Moreover, poverty won’t exist in the new creation. However one interprets the specifics of Revelation 21–22, it seems clear there is some kind of physical reality to the new heavens and new earth. John alludes to the prophet Isaiah’s vision of the “wealth of the nations” as he describes the coming New Jerusalem.
Wealth is a good that normally should be pursued as a penultimate aim. We want individuals and communities to flourish holistically, which means we should seek spiritual, physical, and economic health. The problem occurs when wealth is made into a god—when we make this good, penultimate pursuit of wealth into an ultimate aim. Then wealth will destroy us.
After the Fall
“Is it more holy or biblically preferential to be rich or poor?” you may ask. We might compare this to another question: is it preferable to be physically sick or in outstanding health? Keep in mind that poverty, like sickness, is a result of the fall. And wealth, like health, is not.
Imagine a friend trying to convince you that since God sometimes uses sickness to grow believers spiritually, you should seek out a disease. “Don’t worry about washing your hands this flu season or visiting the doctor. We should seek out disease, with the lucky ones getting something really bad, so that the Lord will bless us spiritually by causing us to trust in him, refrain from idolizing our bodies, and put our hope in the resurrection.” You’d be a fool to follow this person’s advice! In a similar vein, you should generally seek wealth over poverty for yourself and others as a penultimate concern. Hence the practical wisdom concerning money in Proverbs assumes that while wealth is a creational good that provides an incentive to work, it also relativizes the importance of wealth.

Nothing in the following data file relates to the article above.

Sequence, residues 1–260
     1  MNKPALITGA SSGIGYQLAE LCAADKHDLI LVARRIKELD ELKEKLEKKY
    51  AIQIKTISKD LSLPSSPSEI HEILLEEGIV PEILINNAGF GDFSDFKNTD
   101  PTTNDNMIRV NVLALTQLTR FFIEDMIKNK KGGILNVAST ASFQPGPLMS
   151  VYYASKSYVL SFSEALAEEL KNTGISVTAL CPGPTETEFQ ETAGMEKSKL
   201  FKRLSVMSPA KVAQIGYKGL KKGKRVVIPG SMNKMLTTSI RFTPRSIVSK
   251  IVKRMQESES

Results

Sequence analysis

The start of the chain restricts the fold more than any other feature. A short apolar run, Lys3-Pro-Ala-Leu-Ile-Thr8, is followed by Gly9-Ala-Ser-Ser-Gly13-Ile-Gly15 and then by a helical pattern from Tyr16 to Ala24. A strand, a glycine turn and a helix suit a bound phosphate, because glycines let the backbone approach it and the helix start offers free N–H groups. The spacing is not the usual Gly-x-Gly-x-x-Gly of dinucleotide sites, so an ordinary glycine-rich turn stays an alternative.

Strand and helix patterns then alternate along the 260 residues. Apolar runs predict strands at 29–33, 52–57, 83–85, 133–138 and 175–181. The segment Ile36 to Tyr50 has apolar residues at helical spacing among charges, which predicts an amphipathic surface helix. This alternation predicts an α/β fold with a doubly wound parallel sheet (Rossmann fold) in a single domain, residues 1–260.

We can’t love both God and wealth as ultimate, but we should enjoy his good gifts and pursue them in the right order and according to his calling.
Failing to obtain wealth will at times result from rejecting mammon as a god. Following God, for example, by moving to a majority-world context as a missionary could make you vulnerable to both economic challenges and also, returning to our analogy of physical sickness, health risks. Choosing a vocation as a calling from God, rather than based on earning potential or physical ease, could affect your wealth or health—just ask a police officer or a fireman. At times loving God and following Christ’s call—pursuing true shalom (rather than a false consumeristic, secularized version)—can make you more vulnerable to the disorders of a fallen creation.
It’s better to be ill and poor with God than to be rich and healthy as a spiritual corpse. But in these cases, love for God is the aim; neither poverty nor physical ailments is the goal. If you’re driven by a hatred of wealth itself or aim at poverty as an inherent good, you’ll become self-righteous and despise those who have more wealth than you do. In this case money, ironically, still enslaves you. And in the end, you’ll be both spiritually and economically poor.
Human sickness and poverty result from the fall. Similar to how we see modern medicine and doctors as a gift from God, we should seek out—as individuals and as communities—biblical financial principles, habits, and specialists to help us push back against poverty and toward economic health.
We can’t love both God and wealth as ultimate, but we should enjoy his good gifts and pursue them in the right order and according to his calling. And because we’re called to love our neighbors, we should be committed to sacrificially helping others be economically healthy—something we’ll be unable to do if wealth is chased as a god rather than as a gift.